Todd Johnston, Baltimore, MD. Tired of the violence and racism towards productive working white folks that gets swept under rug and buried by the media. Why am I racist for wanting the same respect as blacks, it’s ok for blacks to preach and say black power yet I’m scrutinized for just writing this. Recent web […]
Danny Denzler, Wichita Falls, TX. There’s a difference between being realistic and being racist. Police profiling isn’t racist. Look at the facts. Who commits the most crime even while being less than a 1/4 of the population? Personally, I know that not all blacks are bad, just like all whites aren’t good. I will say […]
Anonymous, Portland, OR. Honestly, the change had to come from within. I grew up in a very white area and my parents were raised in a way that was unacceptable and I had to change myself and their views. So I say, it comes from within because if you truly believe things should change, it’s […]
Roslyn Jefferson, Albany, NY. I grew up in a majority white city, so this was the story of my life! When younger, didn’t know how to address racial issues or topics, when they popped up, with my white friends. Thank goodness I feel comfortable with that now!
Blanca Soto, Hemet, CA. I grew up in a community that was composed of mostly white people. Every time someone would ask my name they would go on to say doesn’t that mean white? Yes! I would reply. Mostly likely laughs would follow and the oh so unique question of “why would your parents name […]
Peter Nanula, Newport Coast, CA. I look white and was raised in mostly white areas, so no one knows I am half-black. Because they don’t know, they don’t make racial judgments. This feels hopeful – as we inter-marry (like my parents did) and integrate our society, bias and discrimination go away over time. We all […]
Hillary Buren, Kansas City, MO. As a biracial women growing up in am almost entirely white community I have adapted to addressing my racial ambiguity (I am most commonly mistaken as Hispanic but even have been confused for as Indian) and usually I resort to humor when it comes to this topic. However it never […]
Samantha Charter, Phillipston, MA. My six words may seem a little odd until you hear the story behind them. I am white and my boyfriend is not. I grew up in a small predominantly white town and because of this the few non white families in town tended to stick out a little. No one […]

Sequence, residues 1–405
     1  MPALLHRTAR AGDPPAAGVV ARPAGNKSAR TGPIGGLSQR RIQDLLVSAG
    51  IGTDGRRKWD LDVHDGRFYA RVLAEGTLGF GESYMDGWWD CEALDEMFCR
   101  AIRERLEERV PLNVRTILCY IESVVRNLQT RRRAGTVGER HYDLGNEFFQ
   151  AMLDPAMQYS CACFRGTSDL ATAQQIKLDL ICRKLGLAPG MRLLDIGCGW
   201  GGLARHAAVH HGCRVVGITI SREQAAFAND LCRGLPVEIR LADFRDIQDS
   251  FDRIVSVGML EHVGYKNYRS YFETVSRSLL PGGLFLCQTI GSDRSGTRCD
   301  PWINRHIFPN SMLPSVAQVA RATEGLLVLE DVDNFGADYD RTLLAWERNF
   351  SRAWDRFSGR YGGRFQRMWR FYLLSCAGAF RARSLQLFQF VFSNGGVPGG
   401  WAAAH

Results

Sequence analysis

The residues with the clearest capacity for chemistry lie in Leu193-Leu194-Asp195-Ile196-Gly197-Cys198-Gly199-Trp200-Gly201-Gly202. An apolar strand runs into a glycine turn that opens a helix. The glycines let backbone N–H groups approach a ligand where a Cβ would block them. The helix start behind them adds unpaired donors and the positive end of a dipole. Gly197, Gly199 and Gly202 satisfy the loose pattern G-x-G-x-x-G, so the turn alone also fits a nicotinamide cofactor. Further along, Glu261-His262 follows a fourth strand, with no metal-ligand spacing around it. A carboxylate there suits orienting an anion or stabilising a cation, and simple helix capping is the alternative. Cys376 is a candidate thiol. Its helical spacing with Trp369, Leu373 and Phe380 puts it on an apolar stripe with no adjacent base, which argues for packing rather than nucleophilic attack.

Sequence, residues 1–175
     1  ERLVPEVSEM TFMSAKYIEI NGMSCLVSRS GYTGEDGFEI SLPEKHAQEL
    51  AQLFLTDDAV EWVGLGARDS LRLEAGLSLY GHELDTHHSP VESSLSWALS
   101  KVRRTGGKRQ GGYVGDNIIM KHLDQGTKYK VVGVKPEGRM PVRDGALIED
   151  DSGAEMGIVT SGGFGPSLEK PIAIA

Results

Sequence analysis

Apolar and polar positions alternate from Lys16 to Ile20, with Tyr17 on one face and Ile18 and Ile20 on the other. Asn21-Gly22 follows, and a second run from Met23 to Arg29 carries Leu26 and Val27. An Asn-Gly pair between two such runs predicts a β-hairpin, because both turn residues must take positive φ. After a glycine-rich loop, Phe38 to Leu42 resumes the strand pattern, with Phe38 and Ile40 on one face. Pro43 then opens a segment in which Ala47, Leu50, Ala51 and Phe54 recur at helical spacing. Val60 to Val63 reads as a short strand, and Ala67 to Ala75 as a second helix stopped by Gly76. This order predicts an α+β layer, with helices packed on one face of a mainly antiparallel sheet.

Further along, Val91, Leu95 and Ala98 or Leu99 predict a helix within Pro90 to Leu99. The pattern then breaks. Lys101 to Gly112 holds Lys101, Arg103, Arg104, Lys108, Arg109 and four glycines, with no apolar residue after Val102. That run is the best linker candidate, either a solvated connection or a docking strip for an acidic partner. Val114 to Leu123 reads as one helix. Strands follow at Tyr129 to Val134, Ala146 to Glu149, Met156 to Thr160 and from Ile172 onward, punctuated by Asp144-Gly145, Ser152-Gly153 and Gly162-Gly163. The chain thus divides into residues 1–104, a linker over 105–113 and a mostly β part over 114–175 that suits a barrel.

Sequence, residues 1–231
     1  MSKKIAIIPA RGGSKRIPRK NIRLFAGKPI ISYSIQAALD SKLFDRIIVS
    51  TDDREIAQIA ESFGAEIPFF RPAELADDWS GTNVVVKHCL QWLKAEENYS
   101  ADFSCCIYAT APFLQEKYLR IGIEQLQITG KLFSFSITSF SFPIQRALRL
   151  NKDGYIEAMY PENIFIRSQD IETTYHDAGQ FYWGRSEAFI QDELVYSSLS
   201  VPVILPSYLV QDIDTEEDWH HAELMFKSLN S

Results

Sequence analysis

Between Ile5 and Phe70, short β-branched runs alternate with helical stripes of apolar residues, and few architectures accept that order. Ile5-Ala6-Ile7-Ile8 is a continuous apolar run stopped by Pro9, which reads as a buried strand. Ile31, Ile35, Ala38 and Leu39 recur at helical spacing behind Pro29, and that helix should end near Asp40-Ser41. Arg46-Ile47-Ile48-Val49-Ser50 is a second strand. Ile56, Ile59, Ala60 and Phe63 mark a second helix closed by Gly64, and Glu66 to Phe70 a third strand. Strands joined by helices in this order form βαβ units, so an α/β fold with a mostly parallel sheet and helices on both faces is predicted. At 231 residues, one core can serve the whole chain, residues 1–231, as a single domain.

Kelli Watson, Chicago, IL. I grew up in a predominately white suburb in Chicago. We were the first black family to move to my block in 1987 and one of a handful in the school district. Around the age of 10 or so, I started to get this question over and over, “you talk white. […]
Sandra Hart, Brookeland, TX. This is an amazing thing to do. Growing up in the South in a white household with a black cleaning lady I felt there was more to the story. But no one would tell me anything or even answer me truthfully. I felt that Emma on orders from my mom would […]
Chappell Watkins, Indianapolis, IN. I’m a 47 year old black male I’ve grown up in all white neighborhoods, and over the years I’ve had multiple white friends tell me I’m not black I’m white as if it were a compliment. My question is if you think calling me white is a compliment, what do you […]
Emily Carter, Needham, MA. I am un-mistakenly white. I have blonde hair, blue eyes, grew up in a neighbourhood full of other white people, and had teachers who were all white. I have an name that is unmistakably white and very easy to pronounce, yet in a classroom filled with children with difficult sounding, Chinese […]
Karen Gold, Atlanta, GA. Collected during: Six Word Stories on Education Last fall, ProPublica and The Race Card Project teamed up with two Tuscaloosa, Ala., high schools — one integrated, one almost entirely black — to tell the story of resegregation in the South. I am a 25 year veteran teacher in metro Atlanta GA […]
Yolanda Brantley, Minneapolis, MN. Growing up as a mixed race child in a predominantly white neighborhood in the ’60’s was scarring. I knew I could appear as only “Caucasian” but my name gave me away. So I changed it to hide from everyone.
Connor York, Portland, OR. Experiencing life as a middle class white male in a largely white area can make it difficult to understand the complex issue of race and what it means in our society, but that doesn’t mean we shouldn’t try.
Joe Earsom Denver, CO Listen to Joe’s story from NPR’s Talk of the Nation